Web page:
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A married couple sets out to build a beautiful home in Connecticut. This does not go exactly as smoothly as they’d like. Hilarity, of course, ensues.

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Let me start with one very important commandment that must be obeyed in the world of film: Thou shalt not remake Casablanca, Citizen Kane, Gone With The Wind, 2001 a Space Odyssey (to name a handful of classic films) and anything directed by Alfred Hitchcock. Anything. Even if one day a reel containing a commercial shot by the man shows up, it cannot be remade.

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All month long we celebrate Best Picture Nominees that didn’t win. This week we take a look at a doomed production that churned out a brilliant film.

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oam-northbynorthwest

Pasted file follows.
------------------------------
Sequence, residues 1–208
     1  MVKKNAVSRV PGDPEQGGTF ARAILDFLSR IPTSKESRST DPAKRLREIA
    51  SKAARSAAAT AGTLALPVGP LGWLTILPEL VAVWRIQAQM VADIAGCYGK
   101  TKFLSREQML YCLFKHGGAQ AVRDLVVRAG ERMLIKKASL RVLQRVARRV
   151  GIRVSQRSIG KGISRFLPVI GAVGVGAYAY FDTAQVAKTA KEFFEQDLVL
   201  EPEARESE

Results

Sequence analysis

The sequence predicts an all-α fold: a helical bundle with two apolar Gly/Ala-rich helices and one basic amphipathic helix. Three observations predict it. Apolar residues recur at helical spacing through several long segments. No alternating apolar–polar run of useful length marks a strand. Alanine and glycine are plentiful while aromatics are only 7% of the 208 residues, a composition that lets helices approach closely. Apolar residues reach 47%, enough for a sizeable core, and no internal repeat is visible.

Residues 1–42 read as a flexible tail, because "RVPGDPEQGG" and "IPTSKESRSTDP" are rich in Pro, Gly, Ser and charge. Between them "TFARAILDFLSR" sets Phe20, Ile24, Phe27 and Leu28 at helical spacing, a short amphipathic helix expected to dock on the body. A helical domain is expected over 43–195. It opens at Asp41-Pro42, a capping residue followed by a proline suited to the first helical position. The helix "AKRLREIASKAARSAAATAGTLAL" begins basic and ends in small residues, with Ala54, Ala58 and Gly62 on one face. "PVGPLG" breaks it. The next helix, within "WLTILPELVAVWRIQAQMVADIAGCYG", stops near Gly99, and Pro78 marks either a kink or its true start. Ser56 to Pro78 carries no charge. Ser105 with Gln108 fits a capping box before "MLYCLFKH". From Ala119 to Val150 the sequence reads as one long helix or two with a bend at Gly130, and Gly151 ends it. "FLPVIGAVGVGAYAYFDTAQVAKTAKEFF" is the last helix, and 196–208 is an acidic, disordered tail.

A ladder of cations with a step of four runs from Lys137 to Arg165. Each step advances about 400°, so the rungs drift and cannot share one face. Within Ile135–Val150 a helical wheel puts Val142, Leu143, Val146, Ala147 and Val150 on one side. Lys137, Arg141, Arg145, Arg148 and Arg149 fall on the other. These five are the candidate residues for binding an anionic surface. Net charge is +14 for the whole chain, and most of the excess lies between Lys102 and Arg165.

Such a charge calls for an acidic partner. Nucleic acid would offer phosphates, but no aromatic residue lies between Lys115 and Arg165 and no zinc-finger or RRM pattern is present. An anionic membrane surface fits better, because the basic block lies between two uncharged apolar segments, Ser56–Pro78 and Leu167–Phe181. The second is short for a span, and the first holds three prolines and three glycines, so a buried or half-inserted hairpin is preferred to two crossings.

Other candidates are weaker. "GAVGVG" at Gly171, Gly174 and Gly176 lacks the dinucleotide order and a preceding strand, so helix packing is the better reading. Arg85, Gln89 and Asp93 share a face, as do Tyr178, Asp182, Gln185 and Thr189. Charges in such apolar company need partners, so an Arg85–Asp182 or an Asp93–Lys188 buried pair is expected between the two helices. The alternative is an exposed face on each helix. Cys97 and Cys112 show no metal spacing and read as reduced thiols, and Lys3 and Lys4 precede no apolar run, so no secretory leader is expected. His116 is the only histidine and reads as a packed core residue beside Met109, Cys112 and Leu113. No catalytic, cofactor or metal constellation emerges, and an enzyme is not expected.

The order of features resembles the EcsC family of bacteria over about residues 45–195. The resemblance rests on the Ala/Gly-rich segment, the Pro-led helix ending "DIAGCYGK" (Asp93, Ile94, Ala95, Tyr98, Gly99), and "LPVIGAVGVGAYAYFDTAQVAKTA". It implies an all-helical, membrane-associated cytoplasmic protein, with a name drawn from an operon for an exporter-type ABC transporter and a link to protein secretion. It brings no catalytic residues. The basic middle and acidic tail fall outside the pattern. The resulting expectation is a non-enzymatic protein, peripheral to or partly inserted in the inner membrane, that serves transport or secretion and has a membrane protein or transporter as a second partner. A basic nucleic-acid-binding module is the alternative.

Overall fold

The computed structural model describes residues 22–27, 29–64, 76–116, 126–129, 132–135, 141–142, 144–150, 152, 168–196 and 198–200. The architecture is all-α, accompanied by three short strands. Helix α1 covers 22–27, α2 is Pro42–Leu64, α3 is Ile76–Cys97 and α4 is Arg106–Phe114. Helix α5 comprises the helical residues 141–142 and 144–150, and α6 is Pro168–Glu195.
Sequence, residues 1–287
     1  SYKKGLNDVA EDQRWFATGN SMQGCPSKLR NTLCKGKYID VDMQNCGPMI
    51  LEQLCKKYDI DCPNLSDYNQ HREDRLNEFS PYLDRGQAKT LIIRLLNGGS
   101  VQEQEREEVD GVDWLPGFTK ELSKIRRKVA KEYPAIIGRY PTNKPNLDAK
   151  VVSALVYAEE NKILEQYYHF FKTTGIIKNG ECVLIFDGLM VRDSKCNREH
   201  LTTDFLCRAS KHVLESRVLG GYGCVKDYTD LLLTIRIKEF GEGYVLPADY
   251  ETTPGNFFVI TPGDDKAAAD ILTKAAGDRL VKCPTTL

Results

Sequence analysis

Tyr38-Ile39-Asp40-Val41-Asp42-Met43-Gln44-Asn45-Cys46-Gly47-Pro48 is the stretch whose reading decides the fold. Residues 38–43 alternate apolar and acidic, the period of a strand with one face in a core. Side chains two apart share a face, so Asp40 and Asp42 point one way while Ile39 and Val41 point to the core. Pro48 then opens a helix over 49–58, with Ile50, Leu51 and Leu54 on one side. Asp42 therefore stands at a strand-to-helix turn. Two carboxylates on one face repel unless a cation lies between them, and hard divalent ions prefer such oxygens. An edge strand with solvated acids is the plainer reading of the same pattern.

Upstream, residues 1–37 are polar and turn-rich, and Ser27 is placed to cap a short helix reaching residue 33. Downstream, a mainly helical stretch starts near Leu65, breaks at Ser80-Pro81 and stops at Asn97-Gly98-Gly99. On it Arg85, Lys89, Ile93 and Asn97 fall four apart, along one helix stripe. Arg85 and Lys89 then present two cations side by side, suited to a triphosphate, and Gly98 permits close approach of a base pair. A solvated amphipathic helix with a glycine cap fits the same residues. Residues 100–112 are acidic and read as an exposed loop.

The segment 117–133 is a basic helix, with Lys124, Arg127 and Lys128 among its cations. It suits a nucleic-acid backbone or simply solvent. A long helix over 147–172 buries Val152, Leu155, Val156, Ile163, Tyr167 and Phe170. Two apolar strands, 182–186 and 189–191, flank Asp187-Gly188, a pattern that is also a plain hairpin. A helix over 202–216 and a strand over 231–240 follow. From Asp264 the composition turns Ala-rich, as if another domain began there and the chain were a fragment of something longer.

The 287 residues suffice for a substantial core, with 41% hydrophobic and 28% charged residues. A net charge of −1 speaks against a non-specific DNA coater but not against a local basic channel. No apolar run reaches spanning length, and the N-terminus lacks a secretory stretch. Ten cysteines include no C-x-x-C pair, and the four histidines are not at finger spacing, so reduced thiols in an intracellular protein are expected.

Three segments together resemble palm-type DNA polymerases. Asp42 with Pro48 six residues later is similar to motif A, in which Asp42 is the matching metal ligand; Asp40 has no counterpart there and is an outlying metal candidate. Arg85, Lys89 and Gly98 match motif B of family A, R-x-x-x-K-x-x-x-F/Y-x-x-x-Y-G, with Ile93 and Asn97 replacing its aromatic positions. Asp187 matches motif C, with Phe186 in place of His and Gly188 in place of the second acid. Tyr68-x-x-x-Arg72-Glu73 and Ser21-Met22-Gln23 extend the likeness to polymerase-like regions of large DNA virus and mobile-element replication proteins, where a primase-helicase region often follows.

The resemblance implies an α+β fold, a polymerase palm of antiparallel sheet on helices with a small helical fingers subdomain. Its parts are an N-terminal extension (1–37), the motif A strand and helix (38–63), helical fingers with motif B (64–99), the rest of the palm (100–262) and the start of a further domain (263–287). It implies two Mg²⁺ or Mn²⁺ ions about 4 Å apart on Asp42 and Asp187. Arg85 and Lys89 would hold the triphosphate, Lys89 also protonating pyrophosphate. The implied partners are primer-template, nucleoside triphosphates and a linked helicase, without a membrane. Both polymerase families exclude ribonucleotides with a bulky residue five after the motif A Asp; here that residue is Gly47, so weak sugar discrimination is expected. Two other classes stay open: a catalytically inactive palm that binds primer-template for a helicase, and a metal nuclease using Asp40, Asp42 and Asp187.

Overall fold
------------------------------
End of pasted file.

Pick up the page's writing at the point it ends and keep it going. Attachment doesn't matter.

One of the best filmmakers of all time makes his best film. Shouldn’t you give it a shot?

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OldAssReleases

A bunch of old flicks are being released this Halloween with more greats slated for the end of the year.

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oam-tocatchathief

For the holiday weekend, we take a trip to the South of France. But we’re skipping Cannes in order to catch up with Cary Grant and Grace Kelly as they try to stop a devastatingly talented jewel thief.

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culturewarrior-rogenstar

For better or for worse, Hollywood works differently now, and a pretty face just doesn’t sell tickets anymore.

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Operation Petticoat

Throw a bunch of free-spirited, unqualified men and women together in uniform and see where the wacky antics leads.

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Fast-taking, strong women, and Cary Grant being Cary Grant. His Girl Friday is a film over 70 years ahead of its time.